Eager for one final vacation before their lives change forever, six friends embark upon a camping trip to a remote mountainous area. By nightfall, their lives will change forever… in ways too horrific to imagine. For in the shadows awaits a pack of the most evil, vicious rejects of humanity, addicted to violence and thirsty for blood! This is “Psycho Holocaust”…
2011 – Certificate: Not Rated – USA
6 out of 10
I’m not just an uncouth, middle-aged yobbo, who only listens to angry punk music and watches slasher movies. No, I also have a cultured, respectable side, the sort that The Queen would be entirely at home with. In proof, I offer up the fact that I’ve just finished reading “The Hand of Ethelberta” by Thomas Hardy, not for the first time either. In between reading Star Trek novels I read Thomas Hardy ones. The latter is of course, the greatest writer the world has ever seen. In fact I’m a fully paid-up member of the Thomas Hardy Society. That’s how cultured I am. Unlike “The Terminator” Sara Connor’s “No fate but what we make”, Hardy’s novels generally provide more of a ‘fate will do whatever it wants with you, despite your best efforts to do otherwise, and you probably won’t like it either’ point of view. Even though it’s one of Hardy’s more light-weight stories, “The Hand of Ethelberta” once again provides us with a reminder that it’s basically pointless trying to do something about your lot in life, or dream about bettering yourself. When it comes down to it, you might win a few battles, but the war will be lost. I find Hardy an excellent counter-balance to the optimism and can-do attitude prevalent in Star Trek. Together, they help to keep me grounded! This movie is more Thomas Hardy than Star Trek.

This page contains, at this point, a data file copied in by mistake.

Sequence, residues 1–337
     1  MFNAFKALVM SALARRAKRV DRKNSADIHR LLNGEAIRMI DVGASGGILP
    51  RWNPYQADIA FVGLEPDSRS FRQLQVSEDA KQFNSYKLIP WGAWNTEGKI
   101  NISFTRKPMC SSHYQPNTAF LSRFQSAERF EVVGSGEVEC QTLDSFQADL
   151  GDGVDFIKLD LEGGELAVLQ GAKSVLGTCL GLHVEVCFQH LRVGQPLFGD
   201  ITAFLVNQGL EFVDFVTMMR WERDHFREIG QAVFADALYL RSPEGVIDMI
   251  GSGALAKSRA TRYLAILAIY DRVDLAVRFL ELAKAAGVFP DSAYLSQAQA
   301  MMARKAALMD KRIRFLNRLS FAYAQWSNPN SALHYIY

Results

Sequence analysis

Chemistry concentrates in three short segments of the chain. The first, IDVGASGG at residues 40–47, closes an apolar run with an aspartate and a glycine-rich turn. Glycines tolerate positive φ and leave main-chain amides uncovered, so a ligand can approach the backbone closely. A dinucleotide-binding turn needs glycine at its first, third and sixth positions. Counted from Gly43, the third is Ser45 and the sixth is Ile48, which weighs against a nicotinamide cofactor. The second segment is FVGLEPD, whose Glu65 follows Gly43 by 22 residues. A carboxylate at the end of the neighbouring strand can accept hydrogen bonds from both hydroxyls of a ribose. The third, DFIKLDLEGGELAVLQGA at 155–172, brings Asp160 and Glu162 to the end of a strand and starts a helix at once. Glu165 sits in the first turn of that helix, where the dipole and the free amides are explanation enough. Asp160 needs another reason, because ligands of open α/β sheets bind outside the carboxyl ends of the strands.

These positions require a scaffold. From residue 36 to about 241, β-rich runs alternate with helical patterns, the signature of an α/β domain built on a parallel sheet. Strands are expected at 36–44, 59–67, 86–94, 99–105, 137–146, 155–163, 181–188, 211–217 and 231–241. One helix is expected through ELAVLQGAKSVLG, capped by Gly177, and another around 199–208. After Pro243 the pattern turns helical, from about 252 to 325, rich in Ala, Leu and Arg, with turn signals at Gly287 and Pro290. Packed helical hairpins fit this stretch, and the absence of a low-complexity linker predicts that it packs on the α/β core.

“Six friends embark upon a camping trip to a remote mountainous area” eh? I wonder what on Earth this film could be about? Ornithology? Geology? Photography? Actually, it features three veterans of the conflict in Iraq, in a searing and damming documentary about the effects of combat on individuals and the political implications of going to war. Okay, I lied a bit. It does indeed feature three veterans (and one was a documentary film maker), but then it all sort of goes where a million low-budget horrors have gone before. In its favour, our six ‘heroes’ weren’t teenagers and even the three war veterans displayed a clear lack of fantasy indestructibleness. (Cool, a six-syllable word that Word approves of.) The latter also exhibited a genuine concern for their local environment, (an attractive woodland). It was heartening to see a couple of sick and twisted psychos busy taking two of their victims off to a location to kill them in, discussing an impending plan to turn the area into “one big fucking suburb”. A small quirk of fate and they’d have been running about, carrying out direct action in the name of Earth First instead. That’s the ‘Hardy Effect’ for you. The violence is well up to scratch and some (though not all) of the special effects are generally pretty believable. The lead baddie is suitably effective and entertaining, even though he did look a little too like Simon Pegg to be totally convincing. I kept expecting him to pick up a pile of LPs and use them as weapons. Despite the occasionally horrific bit of acting, the film works well as a B-movie and the violence scores highly on the official sick-gross-eew scale. Turning to health and safety now, a number of different tools get used in the film, including two carpenter’s saws, a claw hammer, a few hand axes, a double-headed axe and a sort of flat bladed butcher’s hatchet, as well as a chainsaw. By and large, these were used in a generally appropriate and certainly effective way, although the arm that was cut off wasn’t really secured properly and the no-handed use of one of the saws isn’t a formally recognised technique. (You may wish to give that some further though.) Unfortunately, as is often the case, the chainsaw was used with little or no attention paid to safety. I couldn’t see any PPE in use and even an idiot must surely realise that running about in a woodland carrying a running chainsaw, over uneven terrain full of trip hazards, isn’t a terribly good idea. It never fails to amaze me how few chainsaw wielding psychos use their equipment safely. Particularly in this case, considering the latter were ex-military; this was disappointing and certainly made the whole movie feel a lot less realistic. However, it did seem to start really easily, from both hot and cold, so at least it looks like it was being maintained properly, which is promising.